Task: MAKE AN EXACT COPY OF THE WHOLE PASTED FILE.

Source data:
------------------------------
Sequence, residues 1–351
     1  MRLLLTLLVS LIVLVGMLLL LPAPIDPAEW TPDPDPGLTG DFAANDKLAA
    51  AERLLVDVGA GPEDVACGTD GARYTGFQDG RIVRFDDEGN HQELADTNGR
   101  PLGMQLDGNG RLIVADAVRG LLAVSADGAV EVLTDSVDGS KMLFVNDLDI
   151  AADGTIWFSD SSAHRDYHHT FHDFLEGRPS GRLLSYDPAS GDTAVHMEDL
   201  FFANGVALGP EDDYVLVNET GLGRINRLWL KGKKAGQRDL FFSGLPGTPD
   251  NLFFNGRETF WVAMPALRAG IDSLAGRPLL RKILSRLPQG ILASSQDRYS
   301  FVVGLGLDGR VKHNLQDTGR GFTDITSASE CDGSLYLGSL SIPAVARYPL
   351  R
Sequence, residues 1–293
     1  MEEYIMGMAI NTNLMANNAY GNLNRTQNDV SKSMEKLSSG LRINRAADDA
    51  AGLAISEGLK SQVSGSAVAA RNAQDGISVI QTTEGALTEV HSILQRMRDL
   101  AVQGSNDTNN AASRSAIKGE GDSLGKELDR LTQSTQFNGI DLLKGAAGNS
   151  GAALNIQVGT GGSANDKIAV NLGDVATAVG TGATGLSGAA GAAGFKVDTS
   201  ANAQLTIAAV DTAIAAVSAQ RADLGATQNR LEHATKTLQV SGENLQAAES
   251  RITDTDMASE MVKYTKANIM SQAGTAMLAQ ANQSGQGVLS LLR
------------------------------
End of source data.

Sequence, residues 1–351
     1  MRLLLTLLVS LIVLVGMLLL LPAPIDPAEW TPDPDPGLTG DFAANDKLAA
    51  AERLLVDVGA GPEDVACGTD GARYTGFQDG RIVRFDDEGN HQELADTNGR
   101  PLGMQLDGNG RLIVADAVRG LLAVSADGAV EVLTDSVDGS KMLFVNDLDI
   151  AADGTIWFSD SSAHRDYHHT FHDFLEGRPS GRLLSYDPAS GDTAVHMEDL
   201  FFANGVALGP EDDYVLVNET GLGRINRLWL KGKKAGQRDL FFSGLPGTPD
   251  NLFFNGRETF WVAMPALRAG IDSLAGRPLL RKILSRLPQG ILASSQDRYS
   301  FVVGLGLDGR VKHNLQDTGR GFTDITSASE CDGSLYLGSL SIPAVARYPL
   351  R
Sequence, residues 1–293
     1  MEEYIMGMAI NTNLMANNAY GNLNRTQNDV SKSMEKLSSG LRINRAADDA
    51  AGLAISEGLK SQVSGSAVAA RNAQDGISVI QTTEGALTEV HSILQRMRDL
   101  AVQGSNDTNN AASRSAIKGE GDSLGKELDR LTQSTQFNGI DLLKGAAGNS
   151  GAALNIQVGT GGSANDKIAV NLGDVATAVG TGATGLSGAA GAAGFKVDTS
   201  ANAQLTIAAV DTAIAAVSAQ RADLGATQNR LEHATKTLQV SGENLQAAES
   251  RITDTDMASE MVKYTKANIM SQAGTAMLAQ ANQSGQGVLS LLR